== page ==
Friday, November 16, 2012

Samsung Chromebook Series 3 Review


If you’re reading this, chances are you’re a tech geek looking for justification to blow $250 on a new toy, the Samsung Series 3 Chromebook. I can’t tell you that it’s a must buy, or that you should buy something else. So far it meets my needs; I am satisfied.

Before going into why I got the Chromebook, let me tell you that what you have heard about it is true.


  • It has a 16 GB hard drive. You can expand storage with an SD card.
  • It’s small and lightweight.
  • It has enough horsepower to run; but, it will chug a bit on steep hills.
  • Battery life is pretty good.
  • It’s silent. No fans or drive noise.  
  • It’s a good computer for $250; it’s not a great computer.

My initial reaction was not good. The ads say there’s nothing to set up when you buy a Chromebook. Well, it took about 20 minutes to set up and download updates before I could log in. It also hung up a couple times. Since then, it’s been pretty smooth.

As for how I justified to myself why I needed it, here goes.

Why I Got It

I get invited to events to record video and take photos. The reason I’m invited is so that I will upload the content to the web ASAP to help hype up the event or the organization hosting the event. I’ve always thought that it’s best to post content while the event is going on, or immediately afterwards.

My vision was to be able to pop out a memory card from my camera and into the Chromebook for uploading. The instant startup and good battery life would make it less of a hassle to quickly do the uploads without waiting for the damned thing to boot up and shut down. Windows computers always slow down with age and endless updates.


My old laptop was taking 15 minutes to boot up with Windows Vista. When I changed it to Ubuntu, it was fast at first; but, it’s starting to bloat too. Plus, the old laptop is heavier and larger. In other words, I was in the market for another laptop anyway. The question was mainly about finding a suitable replacement.

Accessories

Last night, I plugged my Flip camera to download video for uploading to Youtube. I copy/pasted some HD video from the Flip cam to an SD card plugged in. Not a problem.
I plugged in a USB mouse; no problem. I plugged in my Blue Snowball microphone; no problem.

I know that printing can be problematic if I don’t have a Windows machine running at home.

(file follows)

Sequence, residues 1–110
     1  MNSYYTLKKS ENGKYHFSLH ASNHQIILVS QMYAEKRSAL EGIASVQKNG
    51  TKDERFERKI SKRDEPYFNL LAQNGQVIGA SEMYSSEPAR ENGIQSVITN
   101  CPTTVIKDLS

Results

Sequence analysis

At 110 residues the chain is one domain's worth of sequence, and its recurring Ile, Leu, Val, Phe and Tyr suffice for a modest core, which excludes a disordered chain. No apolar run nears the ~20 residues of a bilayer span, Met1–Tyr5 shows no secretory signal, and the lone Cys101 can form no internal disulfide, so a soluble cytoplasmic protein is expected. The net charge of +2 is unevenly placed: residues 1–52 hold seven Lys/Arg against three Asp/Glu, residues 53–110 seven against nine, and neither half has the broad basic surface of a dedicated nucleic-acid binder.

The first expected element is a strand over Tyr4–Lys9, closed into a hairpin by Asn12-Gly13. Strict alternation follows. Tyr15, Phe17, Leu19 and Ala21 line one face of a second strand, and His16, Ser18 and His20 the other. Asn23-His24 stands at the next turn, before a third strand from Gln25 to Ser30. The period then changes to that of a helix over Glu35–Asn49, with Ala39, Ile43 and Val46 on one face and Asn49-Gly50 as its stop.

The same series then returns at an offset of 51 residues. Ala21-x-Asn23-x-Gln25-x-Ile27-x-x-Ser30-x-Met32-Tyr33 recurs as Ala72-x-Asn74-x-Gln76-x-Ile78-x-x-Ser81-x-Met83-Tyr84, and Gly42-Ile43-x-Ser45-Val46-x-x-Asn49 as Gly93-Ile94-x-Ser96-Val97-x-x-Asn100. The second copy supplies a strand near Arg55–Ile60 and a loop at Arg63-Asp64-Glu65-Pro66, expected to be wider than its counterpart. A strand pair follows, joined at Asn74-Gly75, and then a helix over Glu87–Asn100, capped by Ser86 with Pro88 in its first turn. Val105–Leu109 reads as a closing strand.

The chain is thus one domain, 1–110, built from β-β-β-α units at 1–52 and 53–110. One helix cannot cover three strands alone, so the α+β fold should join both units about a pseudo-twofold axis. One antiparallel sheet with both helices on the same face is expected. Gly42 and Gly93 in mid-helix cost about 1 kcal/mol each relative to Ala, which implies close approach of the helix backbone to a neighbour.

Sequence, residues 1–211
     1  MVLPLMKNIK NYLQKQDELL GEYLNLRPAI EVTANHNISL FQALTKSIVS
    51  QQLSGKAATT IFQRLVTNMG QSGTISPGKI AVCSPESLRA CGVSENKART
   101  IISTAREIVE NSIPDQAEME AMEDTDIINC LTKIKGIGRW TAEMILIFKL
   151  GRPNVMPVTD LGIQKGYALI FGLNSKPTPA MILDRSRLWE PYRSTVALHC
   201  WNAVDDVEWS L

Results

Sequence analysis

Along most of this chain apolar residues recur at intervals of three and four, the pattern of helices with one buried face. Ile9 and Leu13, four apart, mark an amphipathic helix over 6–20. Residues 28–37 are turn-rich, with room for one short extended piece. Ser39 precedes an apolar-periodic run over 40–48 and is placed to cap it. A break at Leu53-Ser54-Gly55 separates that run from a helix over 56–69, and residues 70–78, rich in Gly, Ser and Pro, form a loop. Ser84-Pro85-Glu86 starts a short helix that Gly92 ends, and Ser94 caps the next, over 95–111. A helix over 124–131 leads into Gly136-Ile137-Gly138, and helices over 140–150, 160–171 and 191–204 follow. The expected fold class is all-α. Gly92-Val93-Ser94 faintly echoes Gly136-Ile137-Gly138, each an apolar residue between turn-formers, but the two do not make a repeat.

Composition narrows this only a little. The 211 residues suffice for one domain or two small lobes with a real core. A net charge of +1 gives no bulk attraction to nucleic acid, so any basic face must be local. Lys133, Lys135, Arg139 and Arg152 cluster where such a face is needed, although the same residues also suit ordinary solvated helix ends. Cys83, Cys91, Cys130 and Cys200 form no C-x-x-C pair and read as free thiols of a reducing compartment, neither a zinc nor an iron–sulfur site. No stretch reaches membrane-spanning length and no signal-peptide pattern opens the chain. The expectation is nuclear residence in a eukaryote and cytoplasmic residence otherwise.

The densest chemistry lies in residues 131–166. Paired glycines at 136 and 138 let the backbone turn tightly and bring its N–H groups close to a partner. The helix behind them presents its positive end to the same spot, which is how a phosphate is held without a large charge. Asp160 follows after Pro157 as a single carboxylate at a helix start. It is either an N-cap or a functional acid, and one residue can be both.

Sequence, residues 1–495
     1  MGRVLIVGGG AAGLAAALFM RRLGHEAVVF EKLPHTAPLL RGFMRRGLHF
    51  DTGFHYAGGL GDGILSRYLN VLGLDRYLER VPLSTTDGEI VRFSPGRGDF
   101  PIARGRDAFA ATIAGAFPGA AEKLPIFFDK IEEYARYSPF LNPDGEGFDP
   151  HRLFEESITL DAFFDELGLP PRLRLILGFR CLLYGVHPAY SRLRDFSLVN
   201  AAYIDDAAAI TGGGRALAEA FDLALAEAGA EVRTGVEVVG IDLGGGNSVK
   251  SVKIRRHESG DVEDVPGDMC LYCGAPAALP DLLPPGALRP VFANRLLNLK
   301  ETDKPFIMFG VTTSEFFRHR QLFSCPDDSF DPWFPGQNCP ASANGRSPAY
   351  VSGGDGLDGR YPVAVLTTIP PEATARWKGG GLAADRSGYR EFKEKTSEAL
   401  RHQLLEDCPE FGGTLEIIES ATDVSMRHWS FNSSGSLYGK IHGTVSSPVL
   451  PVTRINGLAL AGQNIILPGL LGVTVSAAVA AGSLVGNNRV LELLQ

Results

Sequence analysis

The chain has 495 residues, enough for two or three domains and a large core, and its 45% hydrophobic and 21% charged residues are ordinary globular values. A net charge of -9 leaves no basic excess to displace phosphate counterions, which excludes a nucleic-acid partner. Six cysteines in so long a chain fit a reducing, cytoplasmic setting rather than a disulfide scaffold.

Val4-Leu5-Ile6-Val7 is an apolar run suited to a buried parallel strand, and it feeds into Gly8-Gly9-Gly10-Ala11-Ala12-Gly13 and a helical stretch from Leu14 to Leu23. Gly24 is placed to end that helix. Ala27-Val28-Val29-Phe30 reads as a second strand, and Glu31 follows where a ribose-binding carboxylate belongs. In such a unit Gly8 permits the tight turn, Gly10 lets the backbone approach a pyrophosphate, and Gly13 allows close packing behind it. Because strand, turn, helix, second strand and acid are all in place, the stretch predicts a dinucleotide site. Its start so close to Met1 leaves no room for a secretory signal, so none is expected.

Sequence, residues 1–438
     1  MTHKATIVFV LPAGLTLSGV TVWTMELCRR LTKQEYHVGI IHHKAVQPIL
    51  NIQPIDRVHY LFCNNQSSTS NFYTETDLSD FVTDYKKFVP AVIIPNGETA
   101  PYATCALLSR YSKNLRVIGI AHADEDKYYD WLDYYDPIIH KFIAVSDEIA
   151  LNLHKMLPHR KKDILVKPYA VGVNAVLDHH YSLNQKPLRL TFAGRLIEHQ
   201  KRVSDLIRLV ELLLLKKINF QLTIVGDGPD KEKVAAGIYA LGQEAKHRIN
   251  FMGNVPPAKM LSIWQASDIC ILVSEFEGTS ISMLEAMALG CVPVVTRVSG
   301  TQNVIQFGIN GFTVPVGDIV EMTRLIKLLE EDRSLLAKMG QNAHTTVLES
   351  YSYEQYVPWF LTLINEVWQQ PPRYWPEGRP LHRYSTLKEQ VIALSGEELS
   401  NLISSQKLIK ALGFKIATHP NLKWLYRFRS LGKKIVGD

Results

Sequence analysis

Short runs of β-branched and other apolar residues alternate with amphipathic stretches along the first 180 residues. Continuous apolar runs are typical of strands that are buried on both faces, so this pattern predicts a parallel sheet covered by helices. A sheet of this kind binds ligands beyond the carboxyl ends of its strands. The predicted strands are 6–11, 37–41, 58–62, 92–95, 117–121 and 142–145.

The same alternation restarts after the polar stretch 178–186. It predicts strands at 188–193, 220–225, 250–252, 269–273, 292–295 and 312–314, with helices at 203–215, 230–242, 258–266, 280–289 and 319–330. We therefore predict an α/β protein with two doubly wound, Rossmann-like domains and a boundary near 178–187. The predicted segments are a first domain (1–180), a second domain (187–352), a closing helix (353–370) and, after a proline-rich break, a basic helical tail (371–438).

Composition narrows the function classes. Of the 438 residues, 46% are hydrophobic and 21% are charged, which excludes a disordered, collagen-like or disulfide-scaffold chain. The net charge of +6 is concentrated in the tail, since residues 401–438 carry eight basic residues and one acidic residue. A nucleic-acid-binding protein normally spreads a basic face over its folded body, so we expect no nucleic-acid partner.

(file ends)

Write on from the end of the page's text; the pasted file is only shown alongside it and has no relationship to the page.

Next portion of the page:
I love my old Android Galaxy Tab; but, the inability to plug in thumb drives, memory cards, and the lack of a keyboard were holding me back from being productive on the go.

Why It Fits


Some of the complaints about the Chromebook are actually the selling points for me.

The small solid state hard drive is sufficient for my needs. Well, not so much the size; it was the solid state part that sold me. I replace several hard drives a year for my clients. A fact of life is that hard drives fail. They fail when they have ideal conditions, and especially fail when they are on devices that move around and get bumped. There are Asus netbooks running Windows 7 at Best Buy cheaper than the Chromebook. But, they all sport 320 GB hard drives. That’s pretty large for a netbook; but, it would be a real pain to replace the drive on a device without a DVD drive.

I had the opportunity to buy the 5 series Chromebook for $299, a floor model. But, besides the extra cost, that model is a little bit bigger. One selling point for me on the 3 series model was the physical size. There is about a 1 pound difference between the two models. Portability won in this case.

In terms of power, the only thing that is disappointing, which I expected prior to buying the Chromebook, was that Evernote simply would not be an option. I have more than 4000 notes in my Evernote account. PC browsers choke when I use the Evernote website for my account. I expected the same for the Chromebook. Sure enough, it struggled. If ever there were a 3rd party app I’d want to install, it would be an Evernote client.

If you’re the type to have 50 browser tabs open, minimum, forget it. The Chromebook will crumble. But, if you’re heavy into Google Apps and such, you won’t need open tabs. It’s a very simple matter to open a Google service as if it were an app. It’s my polite way of saying that it’s the wrong device for the ADHD crowd. 


There are only 4 ports on the Chromebook. SD card, HDMI out,, USB 2.0, and USB 3.0. That’s a bit sparse if you plan on plugging in all kinds of stuff. But, bogging down your Chromebook with peripherals seems like an attempt to make it into a workstation.

Assessment

And that brings me to my assessment of the Chromebook. Do you know how you can got to any chain restaurant and cound on the food tasting the same? That’s what the Chromebook is like; it’s like using Chrome on a PC, Mac, or Linux machine. You get pretty much the same experience at all of them.

If you are like me, you mainly operate out of a browser. When you switch among several computers and an Android tablet, you need to be very invested in cloud computing for consistent access to your work.

I wish I could say that the Chromebook is amazing; but, in reality it’s like taking off a pair of pants and putting them back on, expecting them to feel different. Chrome has been my main browser since it launched; the Chromebook is all Chrome. So, I consider the familiarity and consistency a success. In other words, it's great because it's unremarkable. More importantly, it allows me to get the job done.
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